And that study is a really good example of the value of annotation tools. And I think that's one area that the testing industry needs to try and get caught up on, that in terms of user interface tools, that's the tool that they really need to allow for and develop and give people flexibility in that area, 'cause research says that when you give people flexibility in that area, it can help them.

Line: That's fascinating. So I guess, what's next to further this?

Paula: Well, what's next? So many things, so many things. But I suppose the biggest thing would be conduct more research and make it public. So you mentioned that I'm based in a university; I'm not specifically within the testing industry, and I've been in the very fortunate position of being able to go to industry conferences, and the things I've learned there are absolutely fascinating. They're brilliant, like I refer to them here in the state of this 20-minute podcast. But I wouldn't have had access to them otherwise because it tends to stay within the industry. And I think that the research needs to continue, but it needs to be disseminated among the public and needs to be shared between testing industries, different... So if you found out something in a dentistry test, the people in the accounting test could also use it because again, this is a new format of testing; we want to make sure it's the best across the board.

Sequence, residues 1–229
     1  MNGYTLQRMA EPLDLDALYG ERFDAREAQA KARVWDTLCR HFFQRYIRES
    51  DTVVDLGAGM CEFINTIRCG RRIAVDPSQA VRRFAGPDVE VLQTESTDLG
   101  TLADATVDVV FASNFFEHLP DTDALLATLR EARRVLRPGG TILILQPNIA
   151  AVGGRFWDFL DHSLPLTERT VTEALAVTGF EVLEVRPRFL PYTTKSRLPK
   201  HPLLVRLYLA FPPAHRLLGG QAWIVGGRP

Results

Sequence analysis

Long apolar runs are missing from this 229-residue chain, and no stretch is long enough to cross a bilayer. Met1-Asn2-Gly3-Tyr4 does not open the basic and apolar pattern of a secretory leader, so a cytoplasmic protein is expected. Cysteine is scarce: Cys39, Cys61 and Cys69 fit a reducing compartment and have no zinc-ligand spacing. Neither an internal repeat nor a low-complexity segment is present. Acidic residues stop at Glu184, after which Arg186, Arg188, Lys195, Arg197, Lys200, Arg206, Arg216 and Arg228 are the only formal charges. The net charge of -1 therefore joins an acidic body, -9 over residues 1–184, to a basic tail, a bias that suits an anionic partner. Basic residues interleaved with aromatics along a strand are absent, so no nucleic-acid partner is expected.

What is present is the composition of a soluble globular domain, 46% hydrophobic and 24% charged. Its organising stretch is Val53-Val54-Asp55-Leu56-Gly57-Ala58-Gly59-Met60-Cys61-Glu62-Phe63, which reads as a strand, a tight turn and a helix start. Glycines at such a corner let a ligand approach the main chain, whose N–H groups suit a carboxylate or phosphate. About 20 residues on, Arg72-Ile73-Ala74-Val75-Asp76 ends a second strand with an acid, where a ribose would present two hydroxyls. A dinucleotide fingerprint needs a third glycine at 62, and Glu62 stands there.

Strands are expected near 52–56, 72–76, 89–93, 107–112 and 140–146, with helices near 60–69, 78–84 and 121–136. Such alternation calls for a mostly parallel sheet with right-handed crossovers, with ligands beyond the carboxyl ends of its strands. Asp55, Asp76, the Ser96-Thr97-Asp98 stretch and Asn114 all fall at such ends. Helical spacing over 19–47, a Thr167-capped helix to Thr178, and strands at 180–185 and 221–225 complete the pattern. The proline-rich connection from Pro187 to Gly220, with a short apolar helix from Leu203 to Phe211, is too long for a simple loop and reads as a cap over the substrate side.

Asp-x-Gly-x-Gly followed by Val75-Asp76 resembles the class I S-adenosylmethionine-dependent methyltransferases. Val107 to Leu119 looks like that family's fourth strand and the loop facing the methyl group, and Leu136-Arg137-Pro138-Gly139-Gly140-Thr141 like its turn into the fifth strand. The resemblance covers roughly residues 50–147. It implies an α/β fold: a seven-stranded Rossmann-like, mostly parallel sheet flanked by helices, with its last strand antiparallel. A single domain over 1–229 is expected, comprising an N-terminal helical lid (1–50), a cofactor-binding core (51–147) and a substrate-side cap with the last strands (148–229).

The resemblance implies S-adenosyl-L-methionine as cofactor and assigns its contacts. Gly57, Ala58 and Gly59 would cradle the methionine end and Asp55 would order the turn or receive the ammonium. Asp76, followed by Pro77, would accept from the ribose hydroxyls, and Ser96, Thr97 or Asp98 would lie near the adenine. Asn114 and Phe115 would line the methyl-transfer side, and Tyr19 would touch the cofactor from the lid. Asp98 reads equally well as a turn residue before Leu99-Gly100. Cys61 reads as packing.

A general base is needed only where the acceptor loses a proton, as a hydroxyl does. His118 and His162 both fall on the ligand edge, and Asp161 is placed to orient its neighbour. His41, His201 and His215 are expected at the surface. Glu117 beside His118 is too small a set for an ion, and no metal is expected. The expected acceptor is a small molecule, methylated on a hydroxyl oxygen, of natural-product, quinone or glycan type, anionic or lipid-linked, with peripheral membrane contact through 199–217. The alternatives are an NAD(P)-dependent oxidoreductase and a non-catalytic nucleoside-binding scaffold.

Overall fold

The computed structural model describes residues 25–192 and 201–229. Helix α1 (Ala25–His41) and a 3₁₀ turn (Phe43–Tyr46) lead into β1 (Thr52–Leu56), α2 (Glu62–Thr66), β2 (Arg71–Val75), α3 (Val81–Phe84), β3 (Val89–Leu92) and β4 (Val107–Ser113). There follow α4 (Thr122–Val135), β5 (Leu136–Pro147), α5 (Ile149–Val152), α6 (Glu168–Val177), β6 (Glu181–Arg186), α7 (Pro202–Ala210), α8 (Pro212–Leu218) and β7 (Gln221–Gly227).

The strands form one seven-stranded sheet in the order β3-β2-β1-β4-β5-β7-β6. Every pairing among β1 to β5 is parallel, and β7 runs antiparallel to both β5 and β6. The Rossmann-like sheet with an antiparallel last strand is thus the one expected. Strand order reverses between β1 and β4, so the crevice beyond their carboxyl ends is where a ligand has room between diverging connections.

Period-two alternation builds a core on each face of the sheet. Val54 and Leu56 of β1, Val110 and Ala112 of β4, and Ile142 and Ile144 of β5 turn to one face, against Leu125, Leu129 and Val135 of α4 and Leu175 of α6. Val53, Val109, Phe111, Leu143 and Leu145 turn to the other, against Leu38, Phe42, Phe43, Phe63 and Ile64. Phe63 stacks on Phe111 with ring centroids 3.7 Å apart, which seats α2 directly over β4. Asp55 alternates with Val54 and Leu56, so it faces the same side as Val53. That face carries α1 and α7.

I think the other thing in relation to research is that it needs to be based within the assessment industry. A lot of the research I refer to in the article in CLEAR [Exam Review] comes from educational backgrounds or a very small usability study. I think they need be based within the assessment industry, they need to be exploratory in nature, but they also need to be experimental in nature. And yeah, so just doing more research, diversifying it, and making sure that it's public so most everyone can have access to it.

Line: Well, this has been a fascinating discussion. I think we could talk for a great deal of time longer, but I know you probably have to get back to teaching another class or finishing up your day. But I do really wanna thank you for being a part of this podcast. It's always wonderful to have an opportunity to talk about these things and learn from each other and especially from your article from the Exam Review- it's been great. So thank you for speaking with me today.

Paula: Thank you very much for having me. I appreciate it.

Line: I also wanna thank our listeners. We'll be back with another episode of Regulation Matters: a CLEAR conversation very soon. So again, thank you to our frequent visitors. If you're new to the CLEAR podcast, you can subscribe to this on a variety of different mediums. It's available on Podbean, iTunes, Apple Podcast, Google Podcast and Google Play, Stitcher, Spotify, and TuneIn. If you've enjoyed this podcast episode, please leave a rating or comment in the app. That helps us improve our ranking and makes it easier for our new listeners to find us. Feel free to also visit our website at for additional resources as well as a calendar upcoming training programs and events. Finally, I'd like to thank our CLEAR staff, specifically Stephanie Thompson; she is our content coordinator and editor for this program. Once again, I’m Line Dempsey and I hope to be speaking to you again very soon.